Building the New Do the Woo Site

Do the Woo Podcast Guest Christina Workman Episode 164

Do the Woo - A WooCommerce Podcast
Do the Woo - A WooCommerce Podcast
Building the New Do the Woo Site
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There are few opportunities to hear a discussion between a WordPress agency and a client. Well, that’s what you are getting this time around.

With the rebrand and rebuild of Do the Woo, I took the opportunity to invite Christina Workman, one of the projects leads, from Maintainn a SMB division of WebDevStudios. If you want to hear about the site build process from both sides, this one is for you.

Connect with Christina

  • @AmethystAnswers
  • WebDevStudios.com
  • maintainn.com

Highlights of the Chat with Christina Workman

  • The backstory [01:20]
  • Hiring an agency, a seamless, guided process [04:35]
  • Letting go of control [07:26]
  • Getting stuck with what “you” like [09:02]
  • It’s all about trust [09:35]
  • Turning bits of information into full-fledged ideas [12:45]
  • Where the boss fits into the process [15:25]
  • Success through team efforts [17:02]
  • The different routes of hiring someone [18:37]
  • The final proofing process [21:45]
  • Building a site and knowing you are the audience [28:15]
  • A team that takes the initiative [32:10]
  • Understanding the real power of WordPress when it’s in the hands of experts [36:55]

Other links mentioned in the show

Atarim

Thanks to Our Pod Friends

Brad: Welcome back to another exciting episode of Do the Woo, episode number 164. And today we have a pretty fun and special episode, don't we, Bob? We have some big stuff to talk about.

Bob: Yeah, we do. It's been an interesting and fun three months for me. And I can't believe, sometimes it seems like this day would never come, but then it's like, wow, it's finally here and it happened. And I thought, what better way to do this. For anybody listening, if you haven't been on the site, we have officially launched the new redesign and the rebrand. You don't have many opportunities, I think, to have one of the key players that was working on your site to come on your podcast. And first of all, she's very brave to have done that. Christina Workman, how are you doing?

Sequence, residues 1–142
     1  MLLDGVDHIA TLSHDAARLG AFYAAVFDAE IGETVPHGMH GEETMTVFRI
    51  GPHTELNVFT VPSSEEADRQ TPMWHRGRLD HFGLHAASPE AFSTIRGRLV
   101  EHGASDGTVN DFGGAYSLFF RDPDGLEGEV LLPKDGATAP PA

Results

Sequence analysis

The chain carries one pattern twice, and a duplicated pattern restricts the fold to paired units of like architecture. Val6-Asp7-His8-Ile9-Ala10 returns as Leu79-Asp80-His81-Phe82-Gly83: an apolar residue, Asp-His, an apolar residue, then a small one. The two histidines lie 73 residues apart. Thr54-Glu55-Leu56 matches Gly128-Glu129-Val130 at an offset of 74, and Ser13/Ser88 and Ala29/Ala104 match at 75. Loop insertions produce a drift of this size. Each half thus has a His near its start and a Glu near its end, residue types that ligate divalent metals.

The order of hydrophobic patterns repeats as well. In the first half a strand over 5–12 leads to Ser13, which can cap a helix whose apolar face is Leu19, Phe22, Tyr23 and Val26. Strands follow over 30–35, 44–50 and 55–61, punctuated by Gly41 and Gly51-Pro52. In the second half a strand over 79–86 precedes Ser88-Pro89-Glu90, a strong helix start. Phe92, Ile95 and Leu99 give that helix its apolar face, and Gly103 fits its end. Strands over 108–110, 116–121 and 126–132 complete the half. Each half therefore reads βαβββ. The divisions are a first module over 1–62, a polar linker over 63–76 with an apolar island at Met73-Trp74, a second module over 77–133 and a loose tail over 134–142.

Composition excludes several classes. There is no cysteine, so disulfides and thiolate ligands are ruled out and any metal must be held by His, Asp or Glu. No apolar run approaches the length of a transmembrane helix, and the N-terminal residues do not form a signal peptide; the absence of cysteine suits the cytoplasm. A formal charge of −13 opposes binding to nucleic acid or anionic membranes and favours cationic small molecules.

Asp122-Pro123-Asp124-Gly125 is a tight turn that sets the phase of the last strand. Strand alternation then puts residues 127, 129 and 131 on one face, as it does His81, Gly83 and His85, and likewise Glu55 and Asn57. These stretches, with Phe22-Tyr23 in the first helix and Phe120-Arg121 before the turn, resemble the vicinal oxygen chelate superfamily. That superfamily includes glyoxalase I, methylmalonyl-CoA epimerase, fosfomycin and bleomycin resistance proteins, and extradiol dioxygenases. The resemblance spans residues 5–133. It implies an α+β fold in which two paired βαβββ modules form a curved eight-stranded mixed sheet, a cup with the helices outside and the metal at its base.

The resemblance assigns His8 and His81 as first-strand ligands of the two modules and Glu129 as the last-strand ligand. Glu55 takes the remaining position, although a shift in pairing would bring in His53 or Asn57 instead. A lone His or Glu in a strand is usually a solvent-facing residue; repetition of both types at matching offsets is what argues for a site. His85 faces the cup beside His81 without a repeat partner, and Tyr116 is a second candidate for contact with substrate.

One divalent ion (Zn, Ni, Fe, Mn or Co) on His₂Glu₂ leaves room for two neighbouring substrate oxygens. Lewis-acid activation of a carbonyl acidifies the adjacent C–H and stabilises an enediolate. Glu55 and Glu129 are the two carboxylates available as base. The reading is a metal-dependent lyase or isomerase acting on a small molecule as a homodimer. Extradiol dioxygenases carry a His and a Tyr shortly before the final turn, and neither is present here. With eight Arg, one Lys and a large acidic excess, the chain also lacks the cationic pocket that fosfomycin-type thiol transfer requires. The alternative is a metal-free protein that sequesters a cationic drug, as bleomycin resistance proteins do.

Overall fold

Christina: I'm doing very well. Thanks Bob. And it is an honor to be here.

Brad: It's great to meet you, Christina.

Christina: Yeah, Brad. Go figure.

Brad: So if you're not familiar, Christina works at WebDevStudios with myself, and I'm her brother, so we do know each other. We work together every day.

The backstory [01:20]

Bob: Well, I want to give everybody a little backstory here and then I want to get into the conversation with Christina, just to... lot of the stuff was going on because this was a first experience for me. I think my first site in HTML was in the late '90s or something like that, and I won't even go there with the Flash and the weird things that were going on at that point in time, but I have never hired somebody to do a site for myself. So seeing that I've been in business for quite a long time, when it came to the point that I had the luxury of hiring an agency to do the new redesign, I was kind of stuck first, because I thought, first of all, I know a billion people in this space, so where do I start?